World

How Iran will strike back after the killing of Qasem Soleimani

3 January 2020

7:23 PM

3 January 2020

7:23 PM

In the early hours of the morning, Iraqi State television reported that the leader of Iran’s Qud’s Force, Qasem Soleimani had – along with six other people including Iraqi militia leader Abu Mahdi al-Muhandis – been killed in a US strike near Baghdad airport.

Make no mistake: this is the most significant military assassination in the 21st century Middle East. More significant even than the killing of Osama bin Laden in 2011. Bin Laden was the more famous man but was, by the time of his death, a lone figure stuck impotently in a compound in Pakistan. As the orchestrator of 9/11, his death was necessary closure for Washington, but it was a largely symbolic act. Soleimani, too, was a symbol: of Iran’s power across the Middle East. The Iranians allowed his photo to circulate on Twitter; they encouraged fawning or fearful coverage of him to spread across social and traditional media. But he was also the engine of Iran’s active operational power. He was at the heart of the country’s violence in Syria, Lebanon, Iraq and Yemen. In terms of the damage to active terror networks, Soleimani’s assassination is unparalleled in the contemporary moment.

Two questions necessarily arise after such an astounding act. Why now? And what next?

The first question appears, superficially at least, easier to answer. The strike comes just over 48 hours after members of the Iranian-backed militia group Kataib Hezbollah attacked the US embassy in Baghdad following the funerals of group members killed by a US air strike just days before that.

Dear Iranian Nation!
Years of sincere, brave efforts fighting against the devils& villainous in the world & yrs of wishing for martyrdom on the path of God finally took the dear Commander of Islam, Soleimani, to this lofty status. His blood was shed by the most barbaric of men./1

— Khamenei.ir (@khamenei_ir) January 3, 2020

The embassy attack enraged the United States; president Donald Trump took to Twitter to threaten Iran directly. Iran “will pay a very big price” for any damage or loss of life. “This is not a warning, it is a threat,” he tweeted. Iran’s Supreme Leader Ayatollah Ali Khamenei hit back immediately, quote tweeting Trump with a response that, swollen with hubris, included the line: “you can’t do anything.”


This was perhaps a provocation too far. In the last year, Iran has shot down a US drone, attacked a major Saudi oil facility and struck a US base – and all with no response. No surprise that perhaps some in Tehran began to feel a sense of invincibility. And of course Soleimani has been de facto fighting the US across the Middle East for over twenty years, not least throughout the painful years in Iraq. He was awash with American blood. And in attacking Trump on Twitter, Khamenei hit the US president in the arena he cares about more than any other.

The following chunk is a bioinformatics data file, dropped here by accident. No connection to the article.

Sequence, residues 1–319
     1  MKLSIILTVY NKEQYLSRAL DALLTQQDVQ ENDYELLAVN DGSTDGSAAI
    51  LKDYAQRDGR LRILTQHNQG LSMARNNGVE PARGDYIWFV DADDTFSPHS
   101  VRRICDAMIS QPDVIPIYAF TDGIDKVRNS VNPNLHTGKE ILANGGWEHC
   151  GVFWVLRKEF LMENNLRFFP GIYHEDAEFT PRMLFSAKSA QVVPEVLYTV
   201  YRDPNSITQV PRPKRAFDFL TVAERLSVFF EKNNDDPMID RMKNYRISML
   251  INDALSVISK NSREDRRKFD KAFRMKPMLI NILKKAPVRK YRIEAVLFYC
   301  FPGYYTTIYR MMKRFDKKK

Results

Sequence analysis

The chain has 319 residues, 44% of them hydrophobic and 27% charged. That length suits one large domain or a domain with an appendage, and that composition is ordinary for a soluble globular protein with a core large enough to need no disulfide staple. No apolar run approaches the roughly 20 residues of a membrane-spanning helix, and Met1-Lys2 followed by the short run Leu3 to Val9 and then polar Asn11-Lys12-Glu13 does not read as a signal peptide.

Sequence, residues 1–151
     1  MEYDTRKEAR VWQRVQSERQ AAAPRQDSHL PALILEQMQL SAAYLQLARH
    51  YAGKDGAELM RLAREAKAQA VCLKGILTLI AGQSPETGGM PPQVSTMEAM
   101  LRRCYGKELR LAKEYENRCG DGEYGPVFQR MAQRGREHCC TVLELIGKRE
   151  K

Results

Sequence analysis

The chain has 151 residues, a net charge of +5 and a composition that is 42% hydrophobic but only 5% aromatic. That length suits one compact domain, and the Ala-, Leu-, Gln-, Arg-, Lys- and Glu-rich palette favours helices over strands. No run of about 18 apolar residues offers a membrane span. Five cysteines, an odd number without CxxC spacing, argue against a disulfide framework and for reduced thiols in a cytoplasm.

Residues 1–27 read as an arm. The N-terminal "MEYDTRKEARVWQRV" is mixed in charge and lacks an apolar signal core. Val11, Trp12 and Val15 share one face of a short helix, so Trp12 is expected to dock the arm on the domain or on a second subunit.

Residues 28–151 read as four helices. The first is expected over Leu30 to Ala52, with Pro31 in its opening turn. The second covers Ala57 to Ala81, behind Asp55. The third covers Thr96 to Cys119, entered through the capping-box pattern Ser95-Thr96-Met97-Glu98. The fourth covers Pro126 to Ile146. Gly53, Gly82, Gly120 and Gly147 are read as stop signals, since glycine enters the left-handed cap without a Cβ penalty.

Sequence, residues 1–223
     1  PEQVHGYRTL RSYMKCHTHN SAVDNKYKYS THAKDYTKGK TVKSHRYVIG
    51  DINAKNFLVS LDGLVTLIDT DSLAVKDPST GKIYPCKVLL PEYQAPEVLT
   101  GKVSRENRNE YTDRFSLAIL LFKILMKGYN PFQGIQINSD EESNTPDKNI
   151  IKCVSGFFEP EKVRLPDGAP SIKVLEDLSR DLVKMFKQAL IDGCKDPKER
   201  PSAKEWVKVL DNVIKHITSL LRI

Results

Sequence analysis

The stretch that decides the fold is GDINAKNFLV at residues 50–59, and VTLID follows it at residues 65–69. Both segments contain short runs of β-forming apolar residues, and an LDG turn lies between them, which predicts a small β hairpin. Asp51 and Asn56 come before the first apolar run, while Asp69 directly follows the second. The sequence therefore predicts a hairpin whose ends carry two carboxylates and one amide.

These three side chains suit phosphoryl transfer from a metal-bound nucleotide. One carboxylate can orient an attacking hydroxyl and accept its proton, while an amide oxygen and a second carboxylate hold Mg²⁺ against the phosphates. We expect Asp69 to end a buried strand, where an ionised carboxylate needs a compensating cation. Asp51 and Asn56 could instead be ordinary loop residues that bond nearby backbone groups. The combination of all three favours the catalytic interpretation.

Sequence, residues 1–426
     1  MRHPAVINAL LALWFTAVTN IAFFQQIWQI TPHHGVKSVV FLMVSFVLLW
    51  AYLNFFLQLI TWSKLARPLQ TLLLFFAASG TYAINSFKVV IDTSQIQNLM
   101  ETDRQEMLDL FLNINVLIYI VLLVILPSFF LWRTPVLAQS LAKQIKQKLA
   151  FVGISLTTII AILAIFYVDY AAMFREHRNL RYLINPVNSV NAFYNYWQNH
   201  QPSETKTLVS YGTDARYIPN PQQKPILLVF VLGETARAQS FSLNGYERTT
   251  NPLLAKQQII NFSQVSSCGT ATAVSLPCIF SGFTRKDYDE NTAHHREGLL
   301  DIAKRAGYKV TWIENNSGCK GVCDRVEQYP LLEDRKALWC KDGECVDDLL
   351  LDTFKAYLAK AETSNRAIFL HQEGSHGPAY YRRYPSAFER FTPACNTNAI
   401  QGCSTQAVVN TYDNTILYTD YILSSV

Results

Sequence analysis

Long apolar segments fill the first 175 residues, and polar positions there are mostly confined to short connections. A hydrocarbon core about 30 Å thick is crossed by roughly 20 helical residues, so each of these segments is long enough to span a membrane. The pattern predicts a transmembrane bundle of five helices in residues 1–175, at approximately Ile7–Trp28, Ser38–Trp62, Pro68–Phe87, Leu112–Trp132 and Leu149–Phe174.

Just hours after news of the assassination was announced, the US Department of Defence released a statement saying their forces had killed Soleimani “at the direction of the President.” He was, it declared, “actively developing plans to attack American diplomats and service members in Iraq and throughout the region.” It went on to describe him and the Quds Force as being “responsible for the deaths of hundreds of American and coalition service members and the wounding of thousands more.”

Trump, meanwhile, tweeted a single image of an American flag. For once, he said nothing, but the message was unambiguous – and potent.

If the motive behind the act seems clear what comes next is less so. The strike has taken out the Islamic Republic’s most important Middle East operative, so the damage is tangible at the military and strategic level. But it also poses a problem politically.

Iran in the 21st century has seen a return to its early policy of regional expansion. It is enmeshed in the political (and indeed social) fabric of Iraq, and of Lebanon through its proxy Hezbollah, in Yemen through the Houthi militia group, and of course in Syria where, along with Russia, it is the reason why Bashar al-Assad remains in power.

And they will all be watching  along with, most importantly, the Saudis, Iran’s main foe in the region. Soleimani was the literal face of Iran in the wider Middle East; can the world’s primary Shia power really do nothing while the Sunni Arab world looks on, and retain a credible posture of deterrence?

The answer is no. And with such a sophisticated network of proxies throughout the region it is likely that Tehran will use them to retaliate, as it always does. Asymmetric warfare is how Iran fights. Especially since it knows it cannot take the United States on in a conventional battle. In the past it has struck targets as far afield as Germany and even Argentina. Its reach is long.

Set against this will be the very real cost of escalation against a US that has just shown it is in a belligerent mood. Tehran, meanwhile, is also facing huge internal dissent as sanctions continue to strafe an Iranian economy already suffering from a longer term fall in oil prices. The people are revolting and the regime is killing them. It’s a febrile time, and a dangerous one. It’s also an election year for Donald Trump. He may well embrace the chance to get tough with the “Mad Mullahs.”

Talk is now of possible war. This seems overblown. Neither Iran nor the US wants a war that it can neither afford nor properly win. But action, one way or another, will come and then we are all subject to the law of unintended consequences.

A new decade has dawned in the Middle East, and it looks like it might be even more turbulent than the last.

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